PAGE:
Last updated on: 5/4/2009 | Author:

David R. Jefferson, PhD Biography

Chair of the California Secretary of State's Voting Systems Technical Assessment and Advisory Board
Not Clearly Pro or Con to the question "Do Electronic Voting Machines Improve the Voting Process?"

“I do not want to be identified either as pro- or con on the issue of voting machines. I don’t mind being quoted, but the issue is too complex to summarize my position with one bit. More to the point, since I play a role sometimes in the certification of voting systems, it is inappropriate for me to be listed as being against them.” (Dr. Jefferson in a May 26, 2006 email to

“I do not argue that DREs are in principle a bad idea; indeed they have some real advantages to ordinary voters, to the disabled, and to voters who read a language other than English. But as currently designed, paperless DREs have fatal security and privacy flaws so dangerous that they could allow people with access to the software to modify election results on a national level and without detection.”

“Response to the Election Center’s Document: ‘DREs and the Election Process’,” Georgians for Verified Voting website (accessed July 31, 2005)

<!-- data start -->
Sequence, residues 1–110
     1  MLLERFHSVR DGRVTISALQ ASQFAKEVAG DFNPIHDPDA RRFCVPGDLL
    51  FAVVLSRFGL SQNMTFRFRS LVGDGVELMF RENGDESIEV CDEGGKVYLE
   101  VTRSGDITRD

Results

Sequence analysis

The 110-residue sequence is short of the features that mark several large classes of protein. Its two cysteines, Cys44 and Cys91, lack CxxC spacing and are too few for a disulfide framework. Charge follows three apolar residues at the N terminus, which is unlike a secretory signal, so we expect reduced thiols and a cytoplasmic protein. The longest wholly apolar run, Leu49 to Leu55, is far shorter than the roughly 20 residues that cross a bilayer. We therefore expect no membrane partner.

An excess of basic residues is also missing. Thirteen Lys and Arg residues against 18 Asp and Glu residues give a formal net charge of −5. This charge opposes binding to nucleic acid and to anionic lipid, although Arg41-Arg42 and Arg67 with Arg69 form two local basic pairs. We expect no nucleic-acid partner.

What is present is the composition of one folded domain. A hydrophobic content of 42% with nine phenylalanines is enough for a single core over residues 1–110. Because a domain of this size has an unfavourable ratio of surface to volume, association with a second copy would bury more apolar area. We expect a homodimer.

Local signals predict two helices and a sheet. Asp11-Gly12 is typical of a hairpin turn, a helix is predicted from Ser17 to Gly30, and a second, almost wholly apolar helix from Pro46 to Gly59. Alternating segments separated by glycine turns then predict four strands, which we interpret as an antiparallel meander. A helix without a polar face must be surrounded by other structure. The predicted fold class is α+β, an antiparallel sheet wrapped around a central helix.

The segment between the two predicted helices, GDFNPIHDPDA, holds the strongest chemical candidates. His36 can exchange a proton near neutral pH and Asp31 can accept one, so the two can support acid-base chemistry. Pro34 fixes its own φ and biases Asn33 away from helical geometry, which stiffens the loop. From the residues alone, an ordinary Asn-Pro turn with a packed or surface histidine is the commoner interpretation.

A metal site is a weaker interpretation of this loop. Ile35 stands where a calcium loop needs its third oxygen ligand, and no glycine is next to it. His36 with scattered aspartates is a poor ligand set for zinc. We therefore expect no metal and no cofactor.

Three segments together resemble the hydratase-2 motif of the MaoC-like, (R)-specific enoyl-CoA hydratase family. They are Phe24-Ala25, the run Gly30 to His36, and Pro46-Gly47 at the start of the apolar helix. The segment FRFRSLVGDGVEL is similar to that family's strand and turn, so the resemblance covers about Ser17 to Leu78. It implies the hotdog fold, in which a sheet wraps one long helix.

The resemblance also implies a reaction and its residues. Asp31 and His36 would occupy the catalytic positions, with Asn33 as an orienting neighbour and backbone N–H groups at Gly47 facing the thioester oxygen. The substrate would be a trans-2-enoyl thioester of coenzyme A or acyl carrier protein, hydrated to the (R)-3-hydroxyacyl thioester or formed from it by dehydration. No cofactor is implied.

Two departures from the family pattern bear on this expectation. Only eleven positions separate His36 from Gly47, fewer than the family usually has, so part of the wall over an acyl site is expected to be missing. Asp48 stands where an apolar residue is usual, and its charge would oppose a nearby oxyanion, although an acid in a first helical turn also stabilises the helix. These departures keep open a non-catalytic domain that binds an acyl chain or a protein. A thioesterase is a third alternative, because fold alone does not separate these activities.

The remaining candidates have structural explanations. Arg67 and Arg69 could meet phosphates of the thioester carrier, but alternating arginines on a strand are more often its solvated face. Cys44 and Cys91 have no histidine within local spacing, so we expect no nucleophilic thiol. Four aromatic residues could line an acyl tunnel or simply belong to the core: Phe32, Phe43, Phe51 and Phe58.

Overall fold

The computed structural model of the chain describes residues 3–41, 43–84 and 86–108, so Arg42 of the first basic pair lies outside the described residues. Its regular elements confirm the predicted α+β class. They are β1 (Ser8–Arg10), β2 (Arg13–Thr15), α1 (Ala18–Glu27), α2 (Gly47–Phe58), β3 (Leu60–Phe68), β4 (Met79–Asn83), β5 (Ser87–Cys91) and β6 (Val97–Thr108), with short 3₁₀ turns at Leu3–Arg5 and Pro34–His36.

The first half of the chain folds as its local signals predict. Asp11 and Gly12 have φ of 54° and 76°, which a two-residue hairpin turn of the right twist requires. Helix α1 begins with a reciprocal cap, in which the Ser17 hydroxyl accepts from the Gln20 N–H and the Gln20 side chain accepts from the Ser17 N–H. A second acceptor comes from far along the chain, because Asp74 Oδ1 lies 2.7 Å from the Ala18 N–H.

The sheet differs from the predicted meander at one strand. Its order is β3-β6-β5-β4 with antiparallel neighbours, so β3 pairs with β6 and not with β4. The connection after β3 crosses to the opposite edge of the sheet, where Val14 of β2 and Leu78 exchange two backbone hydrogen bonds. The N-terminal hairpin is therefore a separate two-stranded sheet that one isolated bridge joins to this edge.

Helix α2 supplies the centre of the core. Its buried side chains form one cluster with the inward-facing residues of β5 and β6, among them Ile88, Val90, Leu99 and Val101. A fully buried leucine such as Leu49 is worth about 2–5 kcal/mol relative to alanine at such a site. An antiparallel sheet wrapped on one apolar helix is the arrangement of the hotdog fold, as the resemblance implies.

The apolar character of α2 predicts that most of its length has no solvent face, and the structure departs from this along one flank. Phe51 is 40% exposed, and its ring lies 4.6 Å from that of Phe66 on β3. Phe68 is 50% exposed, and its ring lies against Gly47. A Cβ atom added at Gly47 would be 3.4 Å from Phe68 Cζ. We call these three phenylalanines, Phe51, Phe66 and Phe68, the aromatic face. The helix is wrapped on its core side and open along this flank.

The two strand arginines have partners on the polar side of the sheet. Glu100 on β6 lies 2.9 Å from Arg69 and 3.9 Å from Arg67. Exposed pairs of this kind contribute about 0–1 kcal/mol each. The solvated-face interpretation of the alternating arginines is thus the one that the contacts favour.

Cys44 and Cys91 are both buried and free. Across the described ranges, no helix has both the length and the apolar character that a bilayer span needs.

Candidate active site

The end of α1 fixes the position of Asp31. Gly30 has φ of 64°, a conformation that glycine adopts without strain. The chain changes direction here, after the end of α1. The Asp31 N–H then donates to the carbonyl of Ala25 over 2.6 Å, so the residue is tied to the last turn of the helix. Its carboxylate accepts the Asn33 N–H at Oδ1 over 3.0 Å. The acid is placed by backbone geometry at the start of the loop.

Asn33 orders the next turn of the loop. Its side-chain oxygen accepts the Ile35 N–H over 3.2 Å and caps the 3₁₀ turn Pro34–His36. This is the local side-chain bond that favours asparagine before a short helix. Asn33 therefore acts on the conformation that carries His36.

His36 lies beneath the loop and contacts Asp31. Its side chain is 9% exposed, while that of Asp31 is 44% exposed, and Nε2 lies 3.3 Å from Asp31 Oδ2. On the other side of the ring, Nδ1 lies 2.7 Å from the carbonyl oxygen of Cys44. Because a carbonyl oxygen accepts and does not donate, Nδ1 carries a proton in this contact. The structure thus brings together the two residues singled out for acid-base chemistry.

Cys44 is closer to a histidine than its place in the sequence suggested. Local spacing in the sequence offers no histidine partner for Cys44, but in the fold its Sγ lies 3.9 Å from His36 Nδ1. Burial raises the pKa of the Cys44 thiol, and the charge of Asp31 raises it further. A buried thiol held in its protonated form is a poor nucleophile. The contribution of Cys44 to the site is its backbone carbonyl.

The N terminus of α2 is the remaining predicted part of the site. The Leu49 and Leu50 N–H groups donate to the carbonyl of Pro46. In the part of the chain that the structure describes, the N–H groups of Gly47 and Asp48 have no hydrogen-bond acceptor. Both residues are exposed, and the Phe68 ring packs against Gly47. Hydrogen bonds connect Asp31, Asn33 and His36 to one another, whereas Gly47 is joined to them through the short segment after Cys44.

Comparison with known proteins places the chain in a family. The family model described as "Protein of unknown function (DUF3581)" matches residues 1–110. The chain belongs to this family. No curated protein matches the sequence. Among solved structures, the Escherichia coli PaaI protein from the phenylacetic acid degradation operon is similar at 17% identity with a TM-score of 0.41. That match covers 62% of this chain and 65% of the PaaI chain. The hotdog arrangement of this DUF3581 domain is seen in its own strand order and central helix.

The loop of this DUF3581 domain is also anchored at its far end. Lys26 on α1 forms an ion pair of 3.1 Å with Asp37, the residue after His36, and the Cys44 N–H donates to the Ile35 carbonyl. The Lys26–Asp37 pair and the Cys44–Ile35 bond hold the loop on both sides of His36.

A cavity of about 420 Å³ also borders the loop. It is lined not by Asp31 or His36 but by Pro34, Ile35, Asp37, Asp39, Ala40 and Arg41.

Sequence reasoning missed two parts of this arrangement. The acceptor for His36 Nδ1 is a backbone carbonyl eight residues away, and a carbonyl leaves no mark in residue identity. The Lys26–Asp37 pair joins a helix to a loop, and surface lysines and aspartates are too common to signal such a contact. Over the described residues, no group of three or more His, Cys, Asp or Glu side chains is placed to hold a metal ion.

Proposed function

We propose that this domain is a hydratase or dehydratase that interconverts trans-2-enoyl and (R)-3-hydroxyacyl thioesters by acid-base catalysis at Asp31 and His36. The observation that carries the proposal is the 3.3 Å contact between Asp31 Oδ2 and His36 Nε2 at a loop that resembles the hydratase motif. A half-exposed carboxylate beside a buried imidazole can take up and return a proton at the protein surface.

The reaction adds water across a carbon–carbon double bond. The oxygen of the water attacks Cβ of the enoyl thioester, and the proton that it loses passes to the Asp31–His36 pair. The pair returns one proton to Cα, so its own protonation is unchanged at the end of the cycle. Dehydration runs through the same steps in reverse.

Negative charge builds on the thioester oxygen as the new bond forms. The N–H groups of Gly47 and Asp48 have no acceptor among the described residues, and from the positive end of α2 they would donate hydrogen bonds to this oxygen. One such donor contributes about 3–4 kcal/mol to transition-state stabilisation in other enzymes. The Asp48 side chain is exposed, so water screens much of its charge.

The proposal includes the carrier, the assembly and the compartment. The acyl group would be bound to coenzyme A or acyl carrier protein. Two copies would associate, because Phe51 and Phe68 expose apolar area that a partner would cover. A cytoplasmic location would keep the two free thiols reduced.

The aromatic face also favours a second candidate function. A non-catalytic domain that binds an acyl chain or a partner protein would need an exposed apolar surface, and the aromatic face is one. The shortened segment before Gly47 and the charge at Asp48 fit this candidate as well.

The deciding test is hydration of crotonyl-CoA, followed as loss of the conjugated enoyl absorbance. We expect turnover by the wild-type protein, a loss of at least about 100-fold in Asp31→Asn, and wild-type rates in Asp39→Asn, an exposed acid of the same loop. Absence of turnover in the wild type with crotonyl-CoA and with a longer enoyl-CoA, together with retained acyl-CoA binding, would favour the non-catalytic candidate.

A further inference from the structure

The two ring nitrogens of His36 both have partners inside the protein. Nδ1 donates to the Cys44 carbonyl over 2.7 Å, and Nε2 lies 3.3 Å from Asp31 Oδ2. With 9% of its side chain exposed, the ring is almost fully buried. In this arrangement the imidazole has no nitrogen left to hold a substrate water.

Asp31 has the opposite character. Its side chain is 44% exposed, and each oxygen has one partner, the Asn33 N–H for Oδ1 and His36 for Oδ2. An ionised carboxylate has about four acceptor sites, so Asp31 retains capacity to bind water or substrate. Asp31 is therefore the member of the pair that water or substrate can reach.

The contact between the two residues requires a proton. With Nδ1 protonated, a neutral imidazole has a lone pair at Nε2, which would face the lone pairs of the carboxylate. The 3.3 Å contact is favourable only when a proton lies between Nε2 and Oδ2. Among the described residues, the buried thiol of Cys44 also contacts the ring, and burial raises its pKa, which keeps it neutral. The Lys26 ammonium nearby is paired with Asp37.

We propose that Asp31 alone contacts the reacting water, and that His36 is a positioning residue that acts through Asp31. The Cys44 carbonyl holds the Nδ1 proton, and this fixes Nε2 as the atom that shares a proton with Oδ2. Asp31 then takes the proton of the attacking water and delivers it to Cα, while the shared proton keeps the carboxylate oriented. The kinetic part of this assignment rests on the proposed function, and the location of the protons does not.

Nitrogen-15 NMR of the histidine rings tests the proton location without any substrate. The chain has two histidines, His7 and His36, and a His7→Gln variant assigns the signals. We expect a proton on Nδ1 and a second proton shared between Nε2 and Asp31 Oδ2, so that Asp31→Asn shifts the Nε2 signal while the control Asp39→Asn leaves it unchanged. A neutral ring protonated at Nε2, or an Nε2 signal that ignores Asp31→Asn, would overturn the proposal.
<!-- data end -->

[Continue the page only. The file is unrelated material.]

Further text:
Involvement and Affiliations:
  • Chair, California Secretary of State’s Voting Systems Technical Assessment and Advisory Board
  • Chair, California Internet Voting Task Force Technical Committee
  • Center for Applied Scientific Computing, Lawrence Livermore National Laboratory (LLNL), 2001-present
  • UC Irvine Chancellor’s Distinguished Fellow, 2002
  • Internet-related work on election security, DEC/Compaq/HP Labs, 1994-2001
  • Professor of Computer Science, UCLA, 1984-1994
  • Professor of Computer Science, University of Southern California, 1980-1984 –
  • Board member, California Voter Foundation
  • Member, National Science Foundation Panel on Internet Voting
  • Member, California Electronic Voting Task Force
  • PhD, Computer Science, Carnegie-Mellon University, 1980
  • BS, Mathematics, Yale University, 1970
  • None found
Quoted in:
  1. Could Electronic Voting Machine Software Be Programmed to Alter the Outcome of an Election?